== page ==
This is the largest (total length 45-50mm) spreadwing damselfly in our region, and is identifiable on that basis alone. It has a white thoracic stripe bordered by black or dark brown stripes. The abdomen is brown. Males have blue eyes and pruinosity on S9-10. Females lack pruinosity, have a bulbous abdominal tip, and have dull blue to brown eyes. The overall impression is a big, dull brown damselfly.
I don’t find Archilestes californica very often. Maybe I just don’t haunt the fishless and willow lined ponds they prefer. But I did once find a massive quantity of California Spreadwings that seemed to have recently emerged. There were hundreds of them! Every step through the grass and weeds flushed several, and the concrete retaining wall abutting the thoroughfare was densely speckled with them. I wandered around in amazement, laughing with joy when they would alight on my arms and shirt.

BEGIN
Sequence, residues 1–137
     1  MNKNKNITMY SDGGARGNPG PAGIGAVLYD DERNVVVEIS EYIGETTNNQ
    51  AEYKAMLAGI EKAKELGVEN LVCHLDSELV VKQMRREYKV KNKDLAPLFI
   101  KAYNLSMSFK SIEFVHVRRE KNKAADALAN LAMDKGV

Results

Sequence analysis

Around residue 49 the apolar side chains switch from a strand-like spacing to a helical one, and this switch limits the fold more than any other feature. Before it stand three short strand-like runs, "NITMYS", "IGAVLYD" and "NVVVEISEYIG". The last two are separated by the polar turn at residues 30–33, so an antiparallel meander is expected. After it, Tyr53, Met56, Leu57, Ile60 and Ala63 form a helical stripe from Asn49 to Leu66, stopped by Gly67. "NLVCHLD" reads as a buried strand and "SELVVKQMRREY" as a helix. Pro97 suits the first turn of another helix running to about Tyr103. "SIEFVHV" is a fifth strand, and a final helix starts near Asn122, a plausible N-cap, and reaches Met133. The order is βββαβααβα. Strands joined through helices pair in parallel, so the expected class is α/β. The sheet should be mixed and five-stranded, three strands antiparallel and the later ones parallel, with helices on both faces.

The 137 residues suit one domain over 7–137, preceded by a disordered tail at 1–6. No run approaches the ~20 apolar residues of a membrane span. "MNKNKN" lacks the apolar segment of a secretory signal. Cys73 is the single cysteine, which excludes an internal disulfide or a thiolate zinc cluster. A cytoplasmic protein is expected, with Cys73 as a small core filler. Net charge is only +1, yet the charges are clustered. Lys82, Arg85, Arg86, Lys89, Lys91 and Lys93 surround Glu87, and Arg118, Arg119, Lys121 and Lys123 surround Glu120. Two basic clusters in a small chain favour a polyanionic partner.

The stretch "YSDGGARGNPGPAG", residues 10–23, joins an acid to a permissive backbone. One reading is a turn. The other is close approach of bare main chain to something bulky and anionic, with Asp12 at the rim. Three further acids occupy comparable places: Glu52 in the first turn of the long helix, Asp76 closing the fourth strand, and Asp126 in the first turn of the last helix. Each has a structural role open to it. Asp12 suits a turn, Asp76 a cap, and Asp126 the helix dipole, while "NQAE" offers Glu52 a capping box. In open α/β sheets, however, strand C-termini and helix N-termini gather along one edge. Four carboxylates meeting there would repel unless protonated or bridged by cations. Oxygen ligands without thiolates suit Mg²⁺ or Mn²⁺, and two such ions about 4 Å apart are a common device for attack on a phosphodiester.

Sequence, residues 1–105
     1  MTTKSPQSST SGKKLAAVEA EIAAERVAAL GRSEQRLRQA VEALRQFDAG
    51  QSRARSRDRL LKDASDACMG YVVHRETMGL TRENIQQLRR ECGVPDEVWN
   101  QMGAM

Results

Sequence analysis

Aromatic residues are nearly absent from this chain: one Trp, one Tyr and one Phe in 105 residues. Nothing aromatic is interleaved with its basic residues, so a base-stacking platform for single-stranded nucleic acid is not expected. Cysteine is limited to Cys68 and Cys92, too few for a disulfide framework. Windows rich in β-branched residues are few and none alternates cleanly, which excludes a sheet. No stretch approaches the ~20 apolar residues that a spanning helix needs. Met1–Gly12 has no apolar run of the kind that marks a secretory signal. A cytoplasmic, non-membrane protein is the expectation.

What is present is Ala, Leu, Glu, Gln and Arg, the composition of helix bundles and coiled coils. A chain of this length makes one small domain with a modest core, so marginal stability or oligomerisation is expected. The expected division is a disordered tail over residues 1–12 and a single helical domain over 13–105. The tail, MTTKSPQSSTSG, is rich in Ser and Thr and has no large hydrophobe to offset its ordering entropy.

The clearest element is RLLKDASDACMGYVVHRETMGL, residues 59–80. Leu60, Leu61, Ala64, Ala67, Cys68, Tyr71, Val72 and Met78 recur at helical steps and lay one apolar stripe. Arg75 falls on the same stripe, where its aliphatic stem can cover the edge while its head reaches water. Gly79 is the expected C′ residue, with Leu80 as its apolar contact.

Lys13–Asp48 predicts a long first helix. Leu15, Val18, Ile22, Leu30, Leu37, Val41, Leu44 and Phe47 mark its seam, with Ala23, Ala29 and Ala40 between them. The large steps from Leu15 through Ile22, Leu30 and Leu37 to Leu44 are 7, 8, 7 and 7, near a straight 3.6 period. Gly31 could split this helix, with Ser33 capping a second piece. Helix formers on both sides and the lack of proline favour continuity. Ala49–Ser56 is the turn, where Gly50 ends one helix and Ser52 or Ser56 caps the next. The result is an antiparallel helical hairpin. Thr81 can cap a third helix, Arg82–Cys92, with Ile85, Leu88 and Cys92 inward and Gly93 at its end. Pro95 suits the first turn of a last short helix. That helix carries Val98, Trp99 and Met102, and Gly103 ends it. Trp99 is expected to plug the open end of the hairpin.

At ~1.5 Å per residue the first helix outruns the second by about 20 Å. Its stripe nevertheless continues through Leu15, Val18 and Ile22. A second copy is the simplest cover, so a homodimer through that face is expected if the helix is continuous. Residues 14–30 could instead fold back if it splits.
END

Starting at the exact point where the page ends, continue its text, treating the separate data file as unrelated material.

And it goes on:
This was at a little spring fed pocket wetland near a medical center, and I often killed time there waiting for my clients to finish their medical appointments. One day I found 14 species of Odonata in an area that was less than the size of our apartment!
Winter came, my coverage area shifted, and I didn’t visit that spot for nearly a year. And when I did I discovered that during the intervening months developers had filled that sweet little wetland and built a f*^%#}g Walgreens on top of it. I was both livid and heartbroken. And I’ve never seen a concentration of California Spreadwings like that again.
Size- TL 45-50 mm
Habitat- Slow, fishless waters with willows and other emergent vegetation
Range- Region wide, less common further north and probably introduced in the Seattle area.
Eats- Whatever it can catch
Flight Season- Mid summer to late fall